Ouje-Bougoumou faces a danger of getting contaminated by Chapais’s proposed new dump, says Chief Abel Bosum.
The dump will import garbage from the South, including toxic and industrial waste.
“If there is any contamination, we will be affected,” said Bosum in an interview.
The proposed dump will be located at the site of the old Minova mine. Bosum said several creeks pass right by the mine and empty out into Lake Opemiska.
The current of the lake is such that any contamination which enters it from the creeks would likely be swept toward O.J., which sits on the lake’s shore, said Bosum.
Bosum added that no environmental study has been done on possible impact of such contamination or that took into account the other concerns of Crees.
Quebec Deputy Environment Minister Jean Provonost approved the dump, which will be privately run, in a May 1 letter. Under the government’s conditions, each year the dump can import up to 80,000 tonnes of waste from southern cities. Another 20,000 tonnes will be dumped by Chapais itself.
The dump was approved even though an environmental panel that held public hearings into the project last year turned it down. The COMEX environmental committee had never before turned down a project in its 18-year life.
The approval came even though Bosum said Environment Minister David Cliche promised him in a meeting that the dump would be rejected. Cliche said he does not agree with dumping one region’s garbage problems into another region’s lap.
Bosum said he was taken aback when the dump got the go-ahead. “I was outraged to say the least, especially having participated in the consultations, having learned that people in the region are not in favour of the project and having met with the minister directly, who told us face to face that the project would not go through.”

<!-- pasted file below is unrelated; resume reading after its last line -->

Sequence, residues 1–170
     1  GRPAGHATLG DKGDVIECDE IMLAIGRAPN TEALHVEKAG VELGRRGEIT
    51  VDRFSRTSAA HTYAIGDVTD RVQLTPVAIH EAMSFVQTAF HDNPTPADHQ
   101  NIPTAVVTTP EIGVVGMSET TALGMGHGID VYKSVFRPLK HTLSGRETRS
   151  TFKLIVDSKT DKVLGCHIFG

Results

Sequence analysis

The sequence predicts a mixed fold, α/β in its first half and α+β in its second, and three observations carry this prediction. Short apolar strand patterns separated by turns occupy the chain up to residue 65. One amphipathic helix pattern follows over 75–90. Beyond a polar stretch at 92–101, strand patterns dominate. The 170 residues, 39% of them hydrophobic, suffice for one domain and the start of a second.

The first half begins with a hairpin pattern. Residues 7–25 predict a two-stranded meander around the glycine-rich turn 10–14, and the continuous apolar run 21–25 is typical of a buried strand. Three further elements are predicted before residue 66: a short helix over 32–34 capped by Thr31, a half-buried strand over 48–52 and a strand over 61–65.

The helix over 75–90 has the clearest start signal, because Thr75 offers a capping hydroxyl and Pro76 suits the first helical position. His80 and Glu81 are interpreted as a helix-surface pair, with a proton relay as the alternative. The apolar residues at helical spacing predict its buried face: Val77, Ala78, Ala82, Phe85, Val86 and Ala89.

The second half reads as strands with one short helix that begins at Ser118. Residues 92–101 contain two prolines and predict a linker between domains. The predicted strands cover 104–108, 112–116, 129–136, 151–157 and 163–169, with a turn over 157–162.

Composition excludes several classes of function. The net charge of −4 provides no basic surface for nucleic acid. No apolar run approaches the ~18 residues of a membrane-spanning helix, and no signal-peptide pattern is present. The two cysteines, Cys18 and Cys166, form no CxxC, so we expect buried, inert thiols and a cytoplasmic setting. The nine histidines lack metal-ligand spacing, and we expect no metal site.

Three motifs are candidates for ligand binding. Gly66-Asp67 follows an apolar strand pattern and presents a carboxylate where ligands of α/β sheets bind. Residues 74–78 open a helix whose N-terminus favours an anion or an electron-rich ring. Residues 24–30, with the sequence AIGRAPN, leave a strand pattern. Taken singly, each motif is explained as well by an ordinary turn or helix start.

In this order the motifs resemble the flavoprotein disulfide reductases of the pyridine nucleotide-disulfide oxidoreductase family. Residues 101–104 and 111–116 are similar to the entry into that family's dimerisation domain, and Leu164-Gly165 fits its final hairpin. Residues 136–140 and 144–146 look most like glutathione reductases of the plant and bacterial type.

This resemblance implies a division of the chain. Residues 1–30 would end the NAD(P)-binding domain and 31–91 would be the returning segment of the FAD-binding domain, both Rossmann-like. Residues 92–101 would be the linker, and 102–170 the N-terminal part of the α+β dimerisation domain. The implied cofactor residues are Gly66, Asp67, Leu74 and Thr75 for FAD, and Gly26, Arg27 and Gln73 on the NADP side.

The situation took a turn for the bizarre when the chief got on the horn with Cliche. Cliche insisted he had not seen his Deputy Minister’s letter and claimed he still would not allow Quebec’s trash to be sent North. Bosum then faxed Cliche a copy of his Deputy Minister’s letter.
At press time, Bosum was still waiting for Cliche’s reply.
“I don’t know if there’s a conflict within the government. Mr. Cliche’s understanding was that they had not authorized the dump and had asked COMEX to reconsider their decision and to agree on a municipal landfill for local use only,” Bosum said.
A spokeswoman for Cliche said she didn’t know enough about the file and would call The Nation back with an explanation. The call did not come before we went to press.
“If it goes through, it’s only because someone was owed a political favour,” said Bosum. “It has not stood the test, has not met the requirements and has not been justified. There is absolutely no reason the project should go through unless it’s simply an attempt to provoke the Crees.”